The farm

Although it would be nice to say that, like many medieval manors ours was nearly self-sufficient, we cannot make such a claim. We do grow a few vegetables, nuts and fruit, which produce more food some years than others, depending on how much work we put into the garden and what the weather is like.

Apples this year! Turkeys and chickens, not likely!

We also have a small flock of layer chickens. As of April, 2004 these do not seem to be sick with Avian flu, but their days may be numbered because of the general cull. We will wait for the authorities to make that decision. (Update; June 2004 - All avian flu in the lower mainland has been eliminated - our flock will not be destroyed.) We usually have a larger flock, and raise a few hundred turkeys and chickens for meat as well.

August update! We are now allowed to take down the silly signs, that you see above. I always thought you needed to ask permission to be on my property before. Oh, well! Replenishing our stock is not going to be easy. I phoned the hatchery and asked about getting 50 turkeys (for thanksgiving). The women on the other end of the phone said, "you would like to order fifty thousand". "No, I only want 50, that is five zero". "Sorry." she says, " I can get you 50.000 but not 50. The minimum order size is fifteen thousand". It seems that they are trying to get the commercial farmers up and running again and the little guy is out of luck...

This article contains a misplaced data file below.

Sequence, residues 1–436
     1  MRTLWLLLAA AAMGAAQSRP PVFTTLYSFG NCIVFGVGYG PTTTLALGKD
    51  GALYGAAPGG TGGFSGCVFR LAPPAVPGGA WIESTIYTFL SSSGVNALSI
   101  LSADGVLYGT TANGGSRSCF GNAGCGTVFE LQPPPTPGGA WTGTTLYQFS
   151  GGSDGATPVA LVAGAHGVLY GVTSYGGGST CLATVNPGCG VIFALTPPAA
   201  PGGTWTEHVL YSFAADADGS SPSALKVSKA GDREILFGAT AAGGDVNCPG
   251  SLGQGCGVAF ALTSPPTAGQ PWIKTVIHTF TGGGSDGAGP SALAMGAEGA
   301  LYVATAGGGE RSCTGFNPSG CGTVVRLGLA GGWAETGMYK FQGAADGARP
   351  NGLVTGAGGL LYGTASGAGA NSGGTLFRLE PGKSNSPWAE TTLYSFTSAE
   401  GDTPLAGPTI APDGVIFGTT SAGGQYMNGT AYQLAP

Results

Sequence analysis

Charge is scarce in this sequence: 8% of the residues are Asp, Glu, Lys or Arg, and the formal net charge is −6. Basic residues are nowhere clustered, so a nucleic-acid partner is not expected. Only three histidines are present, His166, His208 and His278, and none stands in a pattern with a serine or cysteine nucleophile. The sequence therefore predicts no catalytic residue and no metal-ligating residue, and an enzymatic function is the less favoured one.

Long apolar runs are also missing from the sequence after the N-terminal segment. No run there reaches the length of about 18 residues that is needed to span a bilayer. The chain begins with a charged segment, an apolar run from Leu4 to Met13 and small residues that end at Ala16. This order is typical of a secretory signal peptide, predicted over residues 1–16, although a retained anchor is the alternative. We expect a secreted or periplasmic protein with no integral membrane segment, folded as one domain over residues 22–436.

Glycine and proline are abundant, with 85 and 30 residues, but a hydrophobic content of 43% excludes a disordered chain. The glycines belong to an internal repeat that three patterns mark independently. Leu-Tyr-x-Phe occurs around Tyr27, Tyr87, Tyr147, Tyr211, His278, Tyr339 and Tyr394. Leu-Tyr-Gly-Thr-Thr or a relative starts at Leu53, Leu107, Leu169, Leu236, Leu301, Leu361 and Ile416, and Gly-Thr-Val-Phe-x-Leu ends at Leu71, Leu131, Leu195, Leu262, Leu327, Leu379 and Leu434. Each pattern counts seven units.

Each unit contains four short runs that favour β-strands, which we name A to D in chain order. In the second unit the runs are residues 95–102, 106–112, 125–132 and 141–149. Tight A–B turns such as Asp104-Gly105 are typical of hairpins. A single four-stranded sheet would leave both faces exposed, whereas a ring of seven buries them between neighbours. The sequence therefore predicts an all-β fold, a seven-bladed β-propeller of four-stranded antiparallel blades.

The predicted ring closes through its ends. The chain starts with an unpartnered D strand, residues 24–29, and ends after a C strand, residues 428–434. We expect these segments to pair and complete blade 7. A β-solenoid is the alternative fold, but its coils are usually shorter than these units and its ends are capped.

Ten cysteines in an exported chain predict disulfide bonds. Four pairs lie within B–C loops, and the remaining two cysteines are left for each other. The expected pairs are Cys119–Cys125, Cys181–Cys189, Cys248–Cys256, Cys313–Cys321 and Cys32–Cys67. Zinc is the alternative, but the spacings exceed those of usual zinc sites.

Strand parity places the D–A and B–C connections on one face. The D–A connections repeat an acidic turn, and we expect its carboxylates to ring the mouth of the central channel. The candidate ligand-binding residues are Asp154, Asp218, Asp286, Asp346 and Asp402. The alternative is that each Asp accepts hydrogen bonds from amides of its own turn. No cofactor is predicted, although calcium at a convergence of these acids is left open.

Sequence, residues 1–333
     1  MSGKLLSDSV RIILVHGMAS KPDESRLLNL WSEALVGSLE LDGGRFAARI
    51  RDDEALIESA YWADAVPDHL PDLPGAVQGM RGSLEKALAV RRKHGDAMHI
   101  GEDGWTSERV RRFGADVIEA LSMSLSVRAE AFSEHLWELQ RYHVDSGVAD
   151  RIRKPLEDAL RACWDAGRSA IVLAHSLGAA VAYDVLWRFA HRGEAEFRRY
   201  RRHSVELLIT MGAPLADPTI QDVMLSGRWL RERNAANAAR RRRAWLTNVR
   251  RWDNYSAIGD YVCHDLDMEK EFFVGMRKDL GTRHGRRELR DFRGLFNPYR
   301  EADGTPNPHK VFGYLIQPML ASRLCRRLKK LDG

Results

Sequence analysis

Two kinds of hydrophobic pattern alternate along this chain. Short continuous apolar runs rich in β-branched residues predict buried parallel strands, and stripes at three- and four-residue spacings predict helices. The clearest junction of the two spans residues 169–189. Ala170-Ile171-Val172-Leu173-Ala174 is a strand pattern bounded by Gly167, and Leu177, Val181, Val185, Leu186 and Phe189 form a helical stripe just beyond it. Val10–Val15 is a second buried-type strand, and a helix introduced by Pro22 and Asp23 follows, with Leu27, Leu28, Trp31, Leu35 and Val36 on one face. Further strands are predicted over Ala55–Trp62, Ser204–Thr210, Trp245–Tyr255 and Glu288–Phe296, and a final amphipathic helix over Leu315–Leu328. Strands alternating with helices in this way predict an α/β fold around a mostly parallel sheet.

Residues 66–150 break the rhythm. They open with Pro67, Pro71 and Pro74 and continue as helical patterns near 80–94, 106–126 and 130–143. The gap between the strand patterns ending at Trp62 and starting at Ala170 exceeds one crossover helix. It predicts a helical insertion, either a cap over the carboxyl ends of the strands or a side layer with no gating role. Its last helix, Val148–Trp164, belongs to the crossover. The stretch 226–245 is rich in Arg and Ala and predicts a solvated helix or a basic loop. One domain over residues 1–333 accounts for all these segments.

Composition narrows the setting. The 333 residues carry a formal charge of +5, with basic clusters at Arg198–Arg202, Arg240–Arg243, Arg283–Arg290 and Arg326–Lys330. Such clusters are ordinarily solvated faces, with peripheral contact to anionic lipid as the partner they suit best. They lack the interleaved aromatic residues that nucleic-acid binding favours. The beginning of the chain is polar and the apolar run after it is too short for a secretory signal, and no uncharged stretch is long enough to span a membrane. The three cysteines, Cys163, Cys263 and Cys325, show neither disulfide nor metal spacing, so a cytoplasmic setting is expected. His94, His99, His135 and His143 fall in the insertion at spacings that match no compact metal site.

Apple tree heavy-burdened with fruit

October update! Seeing as yesterday was Thanksgiving - it is best to give thanks for what we did get from our garden this year. It was a banner year for all of the tree fruits and nuts. We actually got more from some of the pear and apple trees this year then we have gotten from them in the last fifteen years. That is not to say we were over-burdened, just that we got more then usual.

We did have a few interesting thieves partake of our garden though. A young doe (likely the one I pulled from the pond last year) decided to keep her twin fawns nearby most of the summer. The doe often jumped over the eight foot tall deer fence we have around the garden until I put surveyors tape even higher along the top of the fence. The fawns on the other hand learned to crawl under the fence in the few spots that it was not right at ground level. It is very funny to see a deer crawling through a small hole. Their legs and feet which were not designed for crawling are all over and it looks like they will get stuck at any moment. I tolerated their invasions until they decided to pull up (or down) all the Tomato plants.

We have picked most fruit as early as possible to keep temptation from the animals, but last week a rather large bear cleaned off and broke the remaining apple tree that had late fruit on it, as well as breaking down the fence so tht the deer could get in again...

Stellers Jays enjoyed a large portion of our nut harvest. They don't eat the Philberts just hide them in all sort of odd places... Like in the mirror of the truck or under the siding of the barn. Walnuts don't seem to be big for anyone this year, so we did get a few.

Racoons and whatever else that can find a way into the gardens all took their share as well.

All in all it was a good harvest and we give thanks for what we did manage to put away for ourselves.

 can't open today it is stored full of harvest goodies...

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